Monday, December 24, 2018

A Christmas Metra Miracle

     Christmas stories tend to involve a selfish man, whether Ebeneezer Scrooge or the Grinch. I suppose the man doesn't have to be selfish—George Bailey comes to mind. He just needs to be a man, with all the implications of dimness that being a man implies.
     For today's purpose, that man will be me. Though Christmas season approaches, our hero goes on with his usual routines, working and grumbling. In my case, I'm particularly armored against the holiday, because I'm Jewish. No tree. No presents. No nothing.
     I take that back. Every year there is the Chicago Sun-Times Letters to Santa Program. The paper invites readers to take a photocopy of a handwritten letter from an elementary school pupil, then go out and buy gifts for that student. Every year the paper asks its top columnists to write a column urging people to go out of their way, dig deep, buy presents for needy Chicago schoolchildren, every year I do, with what I hope is a certain amusing-though-very-real reluctance.
     My colleagues weighed in. Mary Mitchell wanted to help them all. "Each one tugs at my heart." Mark Brown shone, tracking down an adult who had received these presents, wrote about what it meant to him. “I was that kid,” Adrian Gonzalez told him, of being a needy child 22 years ago.
     A high bar. But this year I was all set. I would expense the presents—turn in the receipts, include my boss's aghast response. A bit of holiday fun, then of course end up paying for it myself. 
     But the paper didn't ask. That surprised me. I was disappointed and liberated. Freed from the obligation: no pawing through the pile of letters looking for something suitably heart-tugging. No schlep to Target with the wife, no squinting at childish scrawl, trying to figure out what was being requested. No being confronted with some heretofore unimagined realm of toys, "A Mister Poo-Poo-Dee-Doo Dispenser?"

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  1. Great story. And I didn't even catch the foreshadowing of "I'm a big boy." Reminds me of the vanilla extract tell in Drunkard, which by the way is not as bad as Bay Rum aftershave.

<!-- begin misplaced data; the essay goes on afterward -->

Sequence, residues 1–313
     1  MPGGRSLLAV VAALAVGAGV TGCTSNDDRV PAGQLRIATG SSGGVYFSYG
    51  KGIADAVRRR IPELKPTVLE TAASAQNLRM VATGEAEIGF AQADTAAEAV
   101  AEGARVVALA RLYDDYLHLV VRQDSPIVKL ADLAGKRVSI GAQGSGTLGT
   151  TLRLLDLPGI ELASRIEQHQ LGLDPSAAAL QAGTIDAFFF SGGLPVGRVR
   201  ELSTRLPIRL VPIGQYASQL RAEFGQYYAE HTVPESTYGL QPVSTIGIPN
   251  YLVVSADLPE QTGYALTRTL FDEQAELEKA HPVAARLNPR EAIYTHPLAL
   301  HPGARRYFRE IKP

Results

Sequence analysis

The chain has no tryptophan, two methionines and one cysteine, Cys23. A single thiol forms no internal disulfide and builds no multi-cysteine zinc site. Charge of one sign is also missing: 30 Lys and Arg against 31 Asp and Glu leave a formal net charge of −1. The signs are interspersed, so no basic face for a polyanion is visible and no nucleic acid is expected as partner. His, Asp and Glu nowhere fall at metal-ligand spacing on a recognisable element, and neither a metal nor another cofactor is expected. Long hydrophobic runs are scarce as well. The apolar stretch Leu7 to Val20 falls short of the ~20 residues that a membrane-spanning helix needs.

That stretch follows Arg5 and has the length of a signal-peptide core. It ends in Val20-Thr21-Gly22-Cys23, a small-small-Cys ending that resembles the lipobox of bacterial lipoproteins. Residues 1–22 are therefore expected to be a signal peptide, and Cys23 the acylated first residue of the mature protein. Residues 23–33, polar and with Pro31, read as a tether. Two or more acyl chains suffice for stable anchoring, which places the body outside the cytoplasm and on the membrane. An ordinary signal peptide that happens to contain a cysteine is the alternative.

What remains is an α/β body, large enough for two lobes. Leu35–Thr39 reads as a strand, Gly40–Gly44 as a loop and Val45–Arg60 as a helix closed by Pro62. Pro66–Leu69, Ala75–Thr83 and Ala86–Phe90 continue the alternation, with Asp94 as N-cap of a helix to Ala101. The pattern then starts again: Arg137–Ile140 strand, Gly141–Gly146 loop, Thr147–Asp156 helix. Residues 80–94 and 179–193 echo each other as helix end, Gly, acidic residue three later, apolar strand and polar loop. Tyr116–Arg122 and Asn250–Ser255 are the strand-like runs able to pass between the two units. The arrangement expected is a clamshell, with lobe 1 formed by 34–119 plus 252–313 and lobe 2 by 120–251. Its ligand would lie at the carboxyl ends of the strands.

2. I'm too lazy to go out and shop for specific toys, but I did participate in my office's Toys for Tots drive this year. Just picked out some stuff online that looked good and had it sent to the VP who was organizing it.

    1. I'm worse: bought a handful of Amazon gift certificates. Wonder if Russki bots are promoting on line everything, so that once our whole lives are on line, we'll be ripe for picking; won't even know that Putin has replaced Bezos as the impresario of our puppet show.


  3. Great story. Might make an okay TV-movie. Ever written a screenplay, Mr. S? Maybe you can hire somebody for's not the same as newspapering or writing books.

    I don't shop online. My wife does, but I do it the old way at Christmastime, starting around the 17th, after a lot of procrastination. Four or five days in a row of running around town like a headless chicken. I call it the "Shopping Frenzy." Never had any kids...hence no toys have never been on any of my lists.I may be one of the few Boomers who never set foot in a "Toys R Us"--ever.

    That name originated from a slogan first used by a regional business that advertised on WGN in the Sixties, perhaps even later than that. Their unforgettable TV spots would scream out: "Children's Bargaintown USA! Where toys are us! Bargaintown! Bargaintown! Bargaintown! “ They had a huge store on West 95th, if I remember correctly. The outfit that absorbed them eventually adopted Bargaintown's slogan as their new name.


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